Figures 6, 7 show the results of studies of electric drive of grinding process. Since at this stage of research only steady-state operation mode is considered, in Fig.6 there are no periods of motor acceleration and deceleration. Time interval 3-5 s corresponds to motor operation under load. Accordingly, at time 3 s, the applied load rises, and at 5 s drops. Oscillation amplitude is about 1.5 MN∙m. Increased oscillations of electromagnetic torque lead to motor oscillations  and, hence, to vibrations and rotor run-out.

According to research  results, growing mill speed allows reducing average torque value. If for current characteristics of ground product such a change will not affect the quality of grinding, this will allow reducing power consumption of electric drive from the network and the oscillation amplitude.

Based on the obtained spectrum in Fig.7 it can be concluded that a periodic component is traced in the signal of electromagnetic torque. In electromagnetic torque spectrum, the same components are traced as in the spectrum of load characteristic; however, there is a shift of recorded peaks along the frequency axis.

Conclusion

Even though mills are, as a rule, designed with a non-controlled electric drive, the effect that can be obtained from adjustable speed is of practical interest. Control of destruction forces can be performed by changing mill rotation speed.

The conducted studies showed that due to integrated modelling of process and electromechanical equipment it is possible to optimize energy consumption. With increasing rotation speed from 0.84 to 1.05 rad/s, impact energy increases ensuring ore destruction. At the same time, load torque values are comparable; thus, it is possible to increase impact energy for grinding without increasing electricity consumption.

From the spectra obtained it is possible to identify mill load condition – speed and fill level.

The developed procedure can be used to determine a more efficient operation mode when changing volumetric fill of the mill due to variability of ore properties. Research results are of practical importance both in mill unit operation, and when designing electromechanical complexes. Studies allow considering specific features of the automation object in development of electric drives of mills. A possibility of obtaining energy effect during mill operation as a result of integrated digital modelling of process and electromechanical equipment is shown. This allows evaluating the impact of grading of some indicators of the technological system on the other indicators of electromechanical system based on fast response of the model during virtual tests. Investigations conducted by the authors can form the basis for creating a comprehensive tool for evaluating the efficiency – energy chain of grinding process links. This idea can be implemented due to one of the key trends of Industry 4.0 – digital modelling.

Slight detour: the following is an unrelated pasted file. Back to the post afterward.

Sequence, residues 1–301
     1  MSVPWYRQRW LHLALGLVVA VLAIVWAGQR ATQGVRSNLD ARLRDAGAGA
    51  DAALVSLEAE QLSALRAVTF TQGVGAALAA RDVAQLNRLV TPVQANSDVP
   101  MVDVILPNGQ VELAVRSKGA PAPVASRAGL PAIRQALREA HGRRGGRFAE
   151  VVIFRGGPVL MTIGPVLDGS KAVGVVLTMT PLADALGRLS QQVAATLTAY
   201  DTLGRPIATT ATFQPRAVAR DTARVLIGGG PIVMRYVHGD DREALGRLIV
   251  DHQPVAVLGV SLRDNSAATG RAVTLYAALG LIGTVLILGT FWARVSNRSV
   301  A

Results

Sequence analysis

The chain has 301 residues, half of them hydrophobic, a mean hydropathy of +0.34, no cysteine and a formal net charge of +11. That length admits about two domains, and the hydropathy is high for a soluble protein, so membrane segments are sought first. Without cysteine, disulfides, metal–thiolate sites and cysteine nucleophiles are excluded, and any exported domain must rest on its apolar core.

Further research will focus on evaluation of energy efficiency when changing drum mill operation mode.

References

  1. Litvinenko V.S. Digital Economy as a Factor in the Technological Development of the Mineral Sector. Natural Resources Research. 2020. Vol. 29, p. 1521-1541. DOI: 10.1007/s11053-019-09568-4
  2. Filatova I., Nikolaichuk L., Zakaev D., Ilin I. Public-private partnership as a tool of sustainable development in the oil-refining sector: Russian case. Sustainability. 2021. Vol. 13. Iss. 9. N 5153. DOI: 10.3390/su13095153
  3. Zhukovskiy Y.L., Batueva D.E., Buldysko A.D. et al. Fossil Energy in the Framework of Sustainable Development: Analysis of Prospects and Development of Forecast Scenarios. Energies. 2021. Vol. 14. Iss. 17. N 5268. DOI: 10.3390/en14175268
  4. Fedoseyev S.V., Tsvetkov P.S. Key factors in public perception of carbon dioxide capture and disposal projects. Journal of Mining Institute. 2019. Vol. 237, p. 361-368. DOI: 10.31897/PMI.2019.3.361
  5. Cleary P.W., Owen P. Effect of operating condition changes on the collisional environment in a SAG mill. Minerals Engineering. 2019. Vol. 132, p. 297-315. DOI: 10.1016/j.mineng.2018.06.027
  6. Ruonan Meng, Qinglin Zhao, Miaomiao Wu et al. A Survey and Analysis on Electricity Consumption of Raw Material Mill System in China Cement Industry between 2014 and 2019. Sustainability. 2021. Vol. 13. Iss. 3. N 1126. DOI: 10.3390/su13031126
  7. Zixin Yin, Tongqing Li, Yuxing Peng, Guiyi Wu. Effect of Lifter Shapes on the Mill Power in a Ball Mill. IOP Conference Series: Materials Science and Engineering. 2018. Vol. 452. Iss. 4. N 042201. DOI: 10.1088/1757-899X/452/4/042201
  8. Djordjevic N., Shi F.N., Morrison R. Determination of lifter design, speed and filling effects in AG mills by 3D DEM. Minerals Engineering. 2004. Vol. 17. Iss. 11-12, p. 1135-1142. DOI: 10.1016/j.mineng.2004.06.033
  9. Mishra B.K., Rajamani R.K. The discrete element method for the simulation of ball mills. Applied Mathematical Modelling. 1992. Vol. 16. Iss. 11, p. 598-604. DOI: 10.1016/0307-904X(92)90035-2
  10. Xiaolei Bian, Guoqiang Wang, Hongdi Wang et al. Effect of lifters and mill speed on particle behaviour, torque, and power consumption of a tumbling ball mill: Experimental study and DEM simulation. Minerals Engineering. 2017. Vol. 105, p. 22-35. DOI: 10.1016/j.mineng.2016.12.014
  11. Hlungwani O., Rikhotso J., Dong H., Moys M.H. Further validation of DEM modeling of milling: effects of liner profile and mill speed. Minerals Engineering. 2003. Vol. 16. N 10, p. 993-998. DOI: 10.1016/j.mineng.2003.07.003